|Adam Jensen: Hater of lightbulb fanatics.|
There are a chosen few titles - such as Half Life, Legend of Zelda, or World of Warcraft - which come to secure a place in gaming's collective consciousness, but when Ion Storm's Deus Ex came out in 2000, it quickly scaled the ranks to become not only an instant hall-of-famer but to be regarded by many, including PC Gamer magazine, as 'The Greatest PC Game of All Time'. High praise indeed, if fruitless, for although the sequel, Invisible War, was still considered to be a decent effort, it failed to captivate players to the same degree as its forefather. All of this goes some way to explaining why I had completely missed the PR regarding Eidos Montréal's prequel, Human Revolution. What a mistake I had made, and boy am I glad it was rectified.
Deus Ex: Human Revolution is pretty well a masterpiece. There, I said it. What makes it so affecting is that it reminded me that games wield such a power to truly engulf you in a universe, to put you right in the middle of things, and then sometimes, just sometimes, they leave you there. Rather than following a beaten track and numerous chest-height obstacles to cover, shoot and advance from, DXHR gives Adam Jensen an objective, and lets him do as he sees fit.
|The Augmentation screen opens a plethora of options.|
A stealth approach appealed to me best, but it took until around half-way through the story before I fully came to terms with how open the experience could be. In the best way possible, DXHR consistently encouraged, nay forced, me to re-think my approach to playing it. The sooner that you can become aware of the range of options that lie before you, the sooner you'll be able to comprehend just how much work has gone into this title.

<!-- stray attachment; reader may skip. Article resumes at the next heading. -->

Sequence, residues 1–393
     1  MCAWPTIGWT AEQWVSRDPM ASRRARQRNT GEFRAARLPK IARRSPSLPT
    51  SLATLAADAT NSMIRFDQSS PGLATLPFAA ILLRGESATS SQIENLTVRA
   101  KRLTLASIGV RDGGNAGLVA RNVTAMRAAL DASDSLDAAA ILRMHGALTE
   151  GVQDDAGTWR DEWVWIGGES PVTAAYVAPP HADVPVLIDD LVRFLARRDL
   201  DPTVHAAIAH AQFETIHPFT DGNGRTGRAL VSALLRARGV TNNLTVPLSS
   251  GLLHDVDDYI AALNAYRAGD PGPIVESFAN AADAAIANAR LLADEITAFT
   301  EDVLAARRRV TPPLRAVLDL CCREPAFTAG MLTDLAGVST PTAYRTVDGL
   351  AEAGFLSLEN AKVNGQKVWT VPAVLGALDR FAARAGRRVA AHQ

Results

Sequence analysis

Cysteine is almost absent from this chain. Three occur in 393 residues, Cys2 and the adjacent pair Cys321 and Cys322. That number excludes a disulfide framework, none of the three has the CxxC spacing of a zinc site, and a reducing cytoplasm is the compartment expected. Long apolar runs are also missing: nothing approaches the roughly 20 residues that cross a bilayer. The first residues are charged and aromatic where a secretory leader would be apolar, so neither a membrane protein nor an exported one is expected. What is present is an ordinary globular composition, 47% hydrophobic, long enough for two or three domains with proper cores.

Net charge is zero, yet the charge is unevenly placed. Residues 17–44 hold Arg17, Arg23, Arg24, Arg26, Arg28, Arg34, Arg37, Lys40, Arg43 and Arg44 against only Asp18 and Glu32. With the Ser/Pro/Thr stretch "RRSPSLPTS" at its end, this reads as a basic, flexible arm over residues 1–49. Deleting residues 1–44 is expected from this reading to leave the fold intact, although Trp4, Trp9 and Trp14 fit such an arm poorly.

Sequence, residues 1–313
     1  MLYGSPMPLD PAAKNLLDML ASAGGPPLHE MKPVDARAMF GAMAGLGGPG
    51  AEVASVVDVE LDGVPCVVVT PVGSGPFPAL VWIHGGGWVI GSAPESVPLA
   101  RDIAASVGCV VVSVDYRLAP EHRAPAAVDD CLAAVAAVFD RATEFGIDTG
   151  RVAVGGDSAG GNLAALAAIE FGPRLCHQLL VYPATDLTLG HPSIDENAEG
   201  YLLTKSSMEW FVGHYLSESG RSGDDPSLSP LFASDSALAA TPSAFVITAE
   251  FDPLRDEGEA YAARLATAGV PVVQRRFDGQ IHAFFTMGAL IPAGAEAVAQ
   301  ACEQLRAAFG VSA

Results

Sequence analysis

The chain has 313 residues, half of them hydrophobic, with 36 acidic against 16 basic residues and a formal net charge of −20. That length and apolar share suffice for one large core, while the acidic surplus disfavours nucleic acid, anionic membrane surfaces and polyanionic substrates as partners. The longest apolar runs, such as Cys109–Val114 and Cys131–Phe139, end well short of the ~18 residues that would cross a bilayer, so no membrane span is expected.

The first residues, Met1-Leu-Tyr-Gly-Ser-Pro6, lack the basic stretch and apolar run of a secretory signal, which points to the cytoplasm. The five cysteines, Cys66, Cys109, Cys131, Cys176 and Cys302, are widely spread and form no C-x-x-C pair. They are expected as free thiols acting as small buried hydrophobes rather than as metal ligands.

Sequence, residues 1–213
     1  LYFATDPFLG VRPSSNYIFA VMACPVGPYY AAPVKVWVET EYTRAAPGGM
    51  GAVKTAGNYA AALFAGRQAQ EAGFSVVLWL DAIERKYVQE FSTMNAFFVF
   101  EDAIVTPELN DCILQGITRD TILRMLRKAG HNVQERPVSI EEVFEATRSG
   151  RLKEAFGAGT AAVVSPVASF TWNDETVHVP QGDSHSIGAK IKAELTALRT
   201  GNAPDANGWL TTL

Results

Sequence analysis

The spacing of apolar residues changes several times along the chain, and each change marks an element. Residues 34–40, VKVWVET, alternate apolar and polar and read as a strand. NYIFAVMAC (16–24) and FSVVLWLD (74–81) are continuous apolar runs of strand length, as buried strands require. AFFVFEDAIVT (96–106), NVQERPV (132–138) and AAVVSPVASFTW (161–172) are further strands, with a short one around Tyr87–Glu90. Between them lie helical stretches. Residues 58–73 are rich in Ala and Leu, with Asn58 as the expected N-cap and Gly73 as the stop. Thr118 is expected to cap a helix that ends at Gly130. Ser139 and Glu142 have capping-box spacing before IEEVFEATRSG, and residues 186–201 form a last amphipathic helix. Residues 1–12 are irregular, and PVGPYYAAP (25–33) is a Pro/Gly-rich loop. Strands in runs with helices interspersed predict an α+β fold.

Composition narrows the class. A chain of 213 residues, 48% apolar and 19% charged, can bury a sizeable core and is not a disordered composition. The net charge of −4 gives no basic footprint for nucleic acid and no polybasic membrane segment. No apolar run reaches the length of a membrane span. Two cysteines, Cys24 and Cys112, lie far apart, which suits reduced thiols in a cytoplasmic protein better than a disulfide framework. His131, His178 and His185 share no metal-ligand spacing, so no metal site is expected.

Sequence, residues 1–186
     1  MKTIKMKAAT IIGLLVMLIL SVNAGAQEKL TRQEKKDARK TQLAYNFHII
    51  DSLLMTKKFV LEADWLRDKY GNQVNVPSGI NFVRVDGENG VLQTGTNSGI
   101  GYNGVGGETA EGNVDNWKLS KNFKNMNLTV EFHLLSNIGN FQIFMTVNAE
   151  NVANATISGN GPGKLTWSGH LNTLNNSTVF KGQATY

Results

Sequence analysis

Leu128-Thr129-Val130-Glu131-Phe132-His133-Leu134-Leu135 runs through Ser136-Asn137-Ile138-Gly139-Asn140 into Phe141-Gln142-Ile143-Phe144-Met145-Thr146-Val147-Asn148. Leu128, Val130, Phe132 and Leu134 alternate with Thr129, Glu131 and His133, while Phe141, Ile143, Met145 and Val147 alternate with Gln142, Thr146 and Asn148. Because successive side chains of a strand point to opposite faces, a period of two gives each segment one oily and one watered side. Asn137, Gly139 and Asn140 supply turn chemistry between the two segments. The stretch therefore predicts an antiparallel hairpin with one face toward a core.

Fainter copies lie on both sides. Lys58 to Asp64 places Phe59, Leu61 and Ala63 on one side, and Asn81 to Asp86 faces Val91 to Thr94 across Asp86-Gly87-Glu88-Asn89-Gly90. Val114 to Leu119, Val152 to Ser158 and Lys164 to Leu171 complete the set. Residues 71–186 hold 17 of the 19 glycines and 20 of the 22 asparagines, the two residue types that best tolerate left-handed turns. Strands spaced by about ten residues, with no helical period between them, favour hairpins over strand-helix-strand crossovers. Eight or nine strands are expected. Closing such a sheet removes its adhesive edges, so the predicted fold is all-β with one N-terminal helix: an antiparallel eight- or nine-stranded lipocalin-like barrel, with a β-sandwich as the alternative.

|Arriving into Heng Sha is about as visually arresting|
a spectacle as you could ask for.
In all the praise that is being thrown upon it, there are undoubtedly a number of issues that I had with the game. As I mentioned earlier, the augmentation system, though wonderfully liberating, can feel restrictive at the beginning, where each augmentation feels so much more important. As time went on, I became so adjusted to my play-style that I found myself needing to augment less frequently and ended up finishing the game with around 8 possible upgrades left over. The cover system frequently jarred me, though I spent so much time loading and reloading that it barely registered after a time. Still, it can be difficult at times to to be sure of whether or not you are hidden until it is too late. Lastly, the voice acting, almost entirely across the board, is terrible. I could not work out for the life of me which nationality Frank Pritchard is meant to be, whilst Adam himself sounds like he's nursing a 60-a-day habit.
The faults are there, but they're minor issues that don't detract from the whole. It's early days yet, and we live in a time of so many releases that it can be hard for any one in particular to stand out, but there is so much going on in this game that I can think of no reason to let Deus Ex Human Revolution slip by your radar.